• Haloperidol can improve motor tics and symptoms of Tourette's syndrome and related choreas. Other treatments for Tourette's syndrome include pimozide and sulpiride (both unlicensed).
  • Trihexyphenidyl in high dosage can also improve some movement disorders.
  • Chlorpromazine and haloperidol are used to relieve intractable hiccup.
  • Propranolol or another beta-adrenoceptor blocking drug may be used to treat essential tremor or tremors associated with anxiety or thyrotoxicosis.
  • Primidone may provide relief from benign essential tremor.
  • Piracetam is used as an adjunctive treatment for myoclonus of cortical origin.

Further reading & references

  1. Guidelines on diagnosis and treatment of primary dystonias; European Federation of Neurological Societies (2010)
  2. Albanese A, Bhatia K, Bressman SB, et al; Phenomenology and classification of dystonia: a consensus update. Mov Disord. 2013 Jun 15;28(7):863-73. doi: 10.1002/mds.25475. Epub 2013 May 6.
  3. Charleswortha G and Bhatiab KP; Primary and secondary dystonic syndromes: an update; Curr Opin Neurol. 2013 Aug;26(4):406-12. doi: 10.1097/WCO.0b013e3283633696.
  4. Thenganatt MA and Jankovic J; Treatment of dystonia; Neurotherapeutics. 2014 Jan;11(1):139-52. doi: 10.1007/s13311-013-0231-4.
  5. Dystonia 1, Torsion, Autosomal Dominant, DYT1; Online Mendelian Inheritance in Man (OMIM)
  6. Albanese A, Barnes MP, Bhatia KP, et al; A systematic review on the diagnosis and treatment of primary (idiopathic) dystonia and dystonia plus syndromes: report of an EFNS/MDS-ES Task Force. Eur J Neurol. 2006 May;13(5):433-44.
  7. Zeuner KE, Peller M, Knutzen A, et al; How to assess motor impairment in writer's cramp. Mov Disord. 2007 Jun 15;22(8):1102-9.
  8. Lyons MK; Deep brain stimulation: current and future clinical applications; Mayo Clin Proc. 2011 Jul;86(7):662-72. doi: 10.4065/mcp.2011.0045. Epub 2011 Jun 6.
  9. Costa J, Espirito-Santo C, Borges A, et al; Botulinum toxin type B for cervical dystonia. Cochrane Database Syst Rev. 2005 Jan 25;(1):CD004315.
  10. Albanese A, et al; EFNS guidelines on diagnosis and treatment of primary dystonias; Eur J Neurol. 2011 Jan;18(1):5-18. doi: 10.1111/j.1468-1331.2010.03042.x.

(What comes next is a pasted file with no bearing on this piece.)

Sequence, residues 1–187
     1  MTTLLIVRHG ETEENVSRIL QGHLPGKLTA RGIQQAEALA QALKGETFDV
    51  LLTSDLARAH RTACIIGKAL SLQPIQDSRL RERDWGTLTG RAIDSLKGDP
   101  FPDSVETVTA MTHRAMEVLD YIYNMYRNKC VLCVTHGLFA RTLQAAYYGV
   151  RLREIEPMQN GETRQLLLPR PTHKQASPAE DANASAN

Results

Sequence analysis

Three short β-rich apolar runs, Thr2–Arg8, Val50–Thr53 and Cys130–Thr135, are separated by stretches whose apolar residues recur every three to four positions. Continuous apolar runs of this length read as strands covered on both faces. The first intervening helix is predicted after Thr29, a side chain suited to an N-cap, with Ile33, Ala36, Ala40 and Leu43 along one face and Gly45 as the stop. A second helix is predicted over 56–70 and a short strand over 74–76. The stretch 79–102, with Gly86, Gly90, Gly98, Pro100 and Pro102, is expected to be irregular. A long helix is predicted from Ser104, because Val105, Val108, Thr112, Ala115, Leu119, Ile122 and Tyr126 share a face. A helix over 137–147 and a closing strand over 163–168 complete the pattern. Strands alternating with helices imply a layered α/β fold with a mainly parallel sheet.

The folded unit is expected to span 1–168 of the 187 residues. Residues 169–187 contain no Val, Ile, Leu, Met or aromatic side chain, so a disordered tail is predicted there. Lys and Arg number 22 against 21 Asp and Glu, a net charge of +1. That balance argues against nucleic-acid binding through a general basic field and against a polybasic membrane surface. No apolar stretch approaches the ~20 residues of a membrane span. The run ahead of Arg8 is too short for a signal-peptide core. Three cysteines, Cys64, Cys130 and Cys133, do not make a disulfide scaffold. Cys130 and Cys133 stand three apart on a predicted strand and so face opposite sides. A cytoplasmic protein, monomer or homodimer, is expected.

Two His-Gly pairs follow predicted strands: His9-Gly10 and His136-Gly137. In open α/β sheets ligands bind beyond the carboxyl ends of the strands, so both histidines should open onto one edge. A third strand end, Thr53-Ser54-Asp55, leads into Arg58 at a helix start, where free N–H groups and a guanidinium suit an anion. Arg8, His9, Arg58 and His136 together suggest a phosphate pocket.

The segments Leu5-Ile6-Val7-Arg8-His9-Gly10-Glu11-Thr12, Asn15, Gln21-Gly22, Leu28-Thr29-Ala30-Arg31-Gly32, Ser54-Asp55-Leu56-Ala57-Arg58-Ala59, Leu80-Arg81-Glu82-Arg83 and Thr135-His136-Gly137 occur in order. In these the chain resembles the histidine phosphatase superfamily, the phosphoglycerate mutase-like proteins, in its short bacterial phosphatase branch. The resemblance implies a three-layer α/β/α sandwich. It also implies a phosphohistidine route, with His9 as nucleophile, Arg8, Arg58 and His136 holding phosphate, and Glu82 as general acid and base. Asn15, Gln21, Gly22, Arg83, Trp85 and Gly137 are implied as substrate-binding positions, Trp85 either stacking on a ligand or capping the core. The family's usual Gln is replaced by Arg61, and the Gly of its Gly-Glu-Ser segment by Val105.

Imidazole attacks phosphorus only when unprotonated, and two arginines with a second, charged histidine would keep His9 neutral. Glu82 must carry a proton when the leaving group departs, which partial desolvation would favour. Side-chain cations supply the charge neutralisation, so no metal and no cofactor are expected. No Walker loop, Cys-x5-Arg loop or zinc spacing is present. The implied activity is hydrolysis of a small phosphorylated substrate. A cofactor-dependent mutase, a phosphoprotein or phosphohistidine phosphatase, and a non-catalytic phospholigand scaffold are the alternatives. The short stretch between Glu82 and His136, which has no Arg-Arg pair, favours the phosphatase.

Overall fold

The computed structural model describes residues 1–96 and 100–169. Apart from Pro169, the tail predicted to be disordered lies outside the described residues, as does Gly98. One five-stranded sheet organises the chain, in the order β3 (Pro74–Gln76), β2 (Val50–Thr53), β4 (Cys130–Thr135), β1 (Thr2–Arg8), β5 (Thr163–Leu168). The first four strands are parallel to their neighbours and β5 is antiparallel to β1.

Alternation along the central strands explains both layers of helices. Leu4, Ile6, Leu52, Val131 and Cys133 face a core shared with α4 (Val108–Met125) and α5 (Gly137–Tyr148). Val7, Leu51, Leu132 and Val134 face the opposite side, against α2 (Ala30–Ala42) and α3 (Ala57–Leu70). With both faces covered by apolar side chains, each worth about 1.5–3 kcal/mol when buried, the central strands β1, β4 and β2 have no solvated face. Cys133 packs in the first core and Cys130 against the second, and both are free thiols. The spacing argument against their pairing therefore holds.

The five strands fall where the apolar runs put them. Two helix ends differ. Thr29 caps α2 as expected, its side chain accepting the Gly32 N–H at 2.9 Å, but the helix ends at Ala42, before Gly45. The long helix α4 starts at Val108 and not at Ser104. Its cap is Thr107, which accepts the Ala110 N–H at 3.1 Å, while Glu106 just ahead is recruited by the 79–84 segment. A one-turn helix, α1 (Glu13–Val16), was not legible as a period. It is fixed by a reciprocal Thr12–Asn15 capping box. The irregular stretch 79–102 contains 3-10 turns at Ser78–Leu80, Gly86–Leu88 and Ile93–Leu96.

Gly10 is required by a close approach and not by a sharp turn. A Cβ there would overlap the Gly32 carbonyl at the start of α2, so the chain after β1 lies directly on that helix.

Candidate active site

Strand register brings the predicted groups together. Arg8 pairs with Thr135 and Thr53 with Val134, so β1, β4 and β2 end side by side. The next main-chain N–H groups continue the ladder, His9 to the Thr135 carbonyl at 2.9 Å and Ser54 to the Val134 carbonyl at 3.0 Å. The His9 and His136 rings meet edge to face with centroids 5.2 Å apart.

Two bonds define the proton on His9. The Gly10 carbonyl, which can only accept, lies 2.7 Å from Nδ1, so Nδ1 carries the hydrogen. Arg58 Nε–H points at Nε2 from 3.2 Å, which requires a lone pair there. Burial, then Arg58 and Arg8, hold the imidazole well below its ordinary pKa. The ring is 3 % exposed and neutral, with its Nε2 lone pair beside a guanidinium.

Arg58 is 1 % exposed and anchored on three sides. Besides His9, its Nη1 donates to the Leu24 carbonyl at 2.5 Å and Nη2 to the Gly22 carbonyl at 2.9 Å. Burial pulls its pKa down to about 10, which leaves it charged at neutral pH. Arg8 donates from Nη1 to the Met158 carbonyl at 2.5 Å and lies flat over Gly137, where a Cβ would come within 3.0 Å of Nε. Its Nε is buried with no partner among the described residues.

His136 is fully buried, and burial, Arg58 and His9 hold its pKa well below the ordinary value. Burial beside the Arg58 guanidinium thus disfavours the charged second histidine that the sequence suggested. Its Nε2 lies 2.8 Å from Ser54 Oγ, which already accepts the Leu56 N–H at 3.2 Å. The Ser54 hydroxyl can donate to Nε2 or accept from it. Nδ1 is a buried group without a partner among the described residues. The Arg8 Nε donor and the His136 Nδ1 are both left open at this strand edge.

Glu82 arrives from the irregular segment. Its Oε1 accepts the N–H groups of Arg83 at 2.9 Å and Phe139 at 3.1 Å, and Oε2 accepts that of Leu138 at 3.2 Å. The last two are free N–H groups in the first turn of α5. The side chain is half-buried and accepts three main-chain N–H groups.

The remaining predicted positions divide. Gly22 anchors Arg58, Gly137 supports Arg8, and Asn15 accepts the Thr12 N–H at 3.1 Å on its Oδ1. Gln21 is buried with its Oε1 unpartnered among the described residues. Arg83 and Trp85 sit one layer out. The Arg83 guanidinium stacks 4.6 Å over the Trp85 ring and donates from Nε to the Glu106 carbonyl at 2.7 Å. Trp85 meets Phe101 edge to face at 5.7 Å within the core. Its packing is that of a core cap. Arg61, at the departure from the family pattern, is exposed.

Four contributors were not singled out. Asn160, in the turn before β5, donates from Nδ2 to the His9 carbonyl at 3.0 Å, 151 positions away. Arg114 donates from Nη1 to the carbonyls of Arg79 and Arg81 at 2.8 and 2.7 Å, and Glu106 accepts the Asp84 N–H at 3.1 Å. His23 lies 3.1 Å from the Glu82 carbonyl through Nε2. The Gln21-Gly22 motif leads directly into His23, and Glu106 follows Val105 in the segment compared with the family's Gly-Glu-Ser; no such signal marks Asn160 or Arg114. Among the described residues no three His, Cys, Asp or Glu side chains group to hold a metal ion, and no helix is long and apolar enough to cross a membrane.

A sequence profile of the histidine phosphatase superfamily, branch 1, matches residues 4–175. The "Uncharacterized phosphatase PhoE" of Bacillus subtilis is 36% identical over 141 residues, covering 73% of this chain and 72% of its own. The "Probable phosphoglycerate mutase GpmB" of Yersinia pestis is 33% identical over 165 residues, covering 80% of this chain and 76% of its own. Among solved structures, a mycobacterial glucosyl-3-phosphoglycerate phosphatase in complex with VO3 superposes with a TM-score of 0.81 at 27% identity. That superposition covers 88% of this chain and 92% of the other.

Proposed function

11. Dystonia; National Institute of Neurological Disorders and Stroke
  12. Caviness JN; Treatment of myoclonus; Neurotherapeutics. 2014 Jan;11(1):188-200. doi: 10.1007/s13311-013-0216-3.
  13. Kojovic M, Cordivari C, Bhatia K; Myoclonic disorders: a practical approach for diagnosis and treatment. Ther Adv Neurol Disord. 2011 Jan;4(1):47-62.
  14. Tomczak KK, Rosman NP; Torticollis. J Child Neurol. 2013 Mar;28(3):365-78. doi: 10.1177/0883073812469294. Epub 2012 Dec 26.
  15. Kane JM, Correll CU; Pharmacologic treatment of schizophrenia. Dialogues Clin Neurosci. 2010;12(3):345-57.
  16. Schneider S and Deuschl G: The treatment of tremor; Neurotherapeutics. 2014 Jan;11(1):128-38. doi: 10.1007/s13311-013-0230-5.
  17. Deep brain stimulation for tremor and dystonia (excluding Parkinson's disease); NICE Interventional Procedure Guidance, August 2006
  18. Bargiotas P and Konitsiotis S; Levodopa-induced dyskinesias in Parkinson's disease: emerging treatments; Neuropsychiatr Dis Treat. 2013;9:1605-17. doi: 10.2147/NDT.S36693. Epub 2013 Oct 22.
  19. Susatia F, Malaty IA, Foote KD, et al; An evaluation of rating scales utilized for deep brain stimulation for dystonia. J Neurol. 2010 Jan;257(1):44-58. Epub 2009 Jul 29.
  20. Albanese A, et al; Dystonia rating scales: critique and recommendations; Mov Disord. 2013 Jun 15;28(7):874-83. doi: 10.1002/mds.25579.
  21. Ayehu M et al; Movement disorders in neuroleptic-naive patients with schizophrenia spectrum disorders; BMC Psychiatry. 2014 Oct 9;14:280. doi: 10.1186/s12888-014-0280-1.
  22. Abnormal Involuntary Movement Scale (AIMS); The Virtual En-psych-lopedia by Dr Bob
  23. British National Formulary; NICE Evidence Services (UK access only)

Disclaimer: This article is for information only and should not be used for the diagnosis or treatment of medical conditions. EMIS has used all reasonable care in compiling the information but make no warranty as to its accuracy. Consult a doctor or other health care professional for diagnosis and treatment of medical conditions. For details see our conditions.

Original Author:
Dr Hayley Willacy
Current Version:
Peer Reviewer:
Dr Adrian Bonsall
Document ID:
1741 (v26)